Weather doesn’t dampen interest in 2014 Rice Field Day

A group of farmers, rice industry personnel and Rice Research Station personnel gather to await the beginning of Rice Field Day activities Wednesday. The annual event showcases the advances in rice farming as well as provides useful information across the field concerning the industry, legislation and more.

Onlookers check out poster displays from researchers as well as other groups like Ducks Unlimited and Second Chance Harvest.

Set to be part of the 2014 Rice Field Day field tour, Dr. Randy Price and Charles Malveaux work with their unmanned aerial vehicle (UAV) ahead of the tours as curious onlookers check out the UAV up close.

Jeannine LeJeune is the online editor for the Crowley Post-Signal. She can be reached at or 337-783-3450.

With light rain falling here and there, you might expect the turnout for the 2014 Rice Field Day at the LSU AgCenter Rice Research Station.

Think again.

The impending weather did not dampen, so to speak, the interests of farmers and others involved in the rice industry in the latest advances in the field. Rice Field Day was also a chance, however, to get updates on legislation like the new Farm Bill, and more.

Outside of the Field Tours – set to feature information on rice breeding, weed control, insect control, disease control, agronomy and hybrid breeding and the use of UAVs (unmanned aerial vehicles) in agriculture, there was also a poster session and the program featuring multiple guest speakers.

The printed program for the day also featured an overview of each doctor’s research into the fields.

Dr. Steve Linscombe has listed out 58 varieties, hybrids and advanced experimental lines of rice while Dr. Xueyan Sha’s paragraphs talked about his work with the development of superior medium-grain and long-grain rice varieties for Arkansas and the mid-South.

Under rice weed control, Drs. Eric Webster’s and Bob Scott’s thoughts on the subject were displayed. Webster, along with research assistance from Caleb Fish, Ben McKnight and Eric Bergeron talked about weed management in the program and Scott provided an update on Arkansas Rice Weed Management.

Dr. Michael Stout’s rice insects project overview as well as Dr. Jeff Gore’s look into rice water weevil and stink bug management in Mississippi rice; Dr. Don Groth’s rice disease update and Dr. Clayton A. Hollier’s work on Cercospora Disease Complex: Biology and Impact, A Better Understanding for Better Management; Dr. Randy Price and Charles Malveux’s look into the use of UAVs in agriculture; and Dr. Dustin Harrell’s research into reducing nitrogen volatilization losses in rice production and Dr. James Oard’s look into rice hybrid breeding were also in the program and on the docket.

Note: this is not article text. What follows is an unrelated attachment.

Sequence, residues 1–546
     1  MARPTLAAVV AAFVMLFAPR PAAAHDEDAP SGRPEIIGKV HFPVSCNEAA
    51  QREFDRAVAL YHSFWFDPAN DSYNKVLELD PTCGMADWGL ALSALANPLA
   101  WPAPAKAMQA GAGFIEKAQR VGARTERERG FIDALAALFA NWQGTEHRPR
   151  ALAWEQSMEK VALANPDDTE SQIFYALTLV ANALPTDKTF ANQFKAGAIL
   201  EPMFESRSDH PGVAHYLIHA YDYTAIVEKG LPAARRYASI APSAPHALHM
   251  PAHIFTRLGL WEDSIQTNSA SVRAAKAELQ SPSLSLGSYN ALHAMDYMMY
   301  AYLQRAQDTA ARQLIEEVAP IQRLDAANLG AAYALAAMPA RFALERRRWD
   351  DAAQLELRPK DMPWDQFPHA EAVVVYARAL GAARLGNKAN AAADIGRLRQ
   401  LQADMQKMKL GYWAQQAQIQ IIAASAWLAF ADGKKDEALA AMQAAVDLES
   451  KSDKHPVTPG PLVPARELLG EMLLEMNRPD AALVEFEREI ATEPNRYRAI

At the poster session, not only was more research on display, but booths from Wildlife and Fisheries, RiceTec, USA Rice Federation, Entergy and many more were on hand as well, all trying to provide their insights and expertise into what they can and have contributed to the rice industry.

During the day’s program, Jackie Loewer, chairman of the Louisiana Rice Research Board, addressed those in attendance about the activities of the board. 

Headlines from the Louisiana Rice Research Board’s annual report, presented with the printed program to attendees highlighted the fact that two new Clearfield varieties could be released soon for the new growing season: a medium-grain Clearfield and a Clearfield version of Jazzman.

A farm bill and rice market update was provided by Dr. Michael Salassi, a J. Nelso Fairbanks-endowed professor of agricultural economics. 

State Conservationist with the USDA-Natural Resource Conservation Service Kevin Norton talked about conservation opportunities for working agriculture lands. Trade constraints and opportunities for Louisiana rice were the focuses of USA Rice COO Bob Cummings’ talk.

LSU’s vice president of agriculture, Dr. William B. Richardson, also presented some remarks on the industry.

For more information on the Rice Research Station, visit

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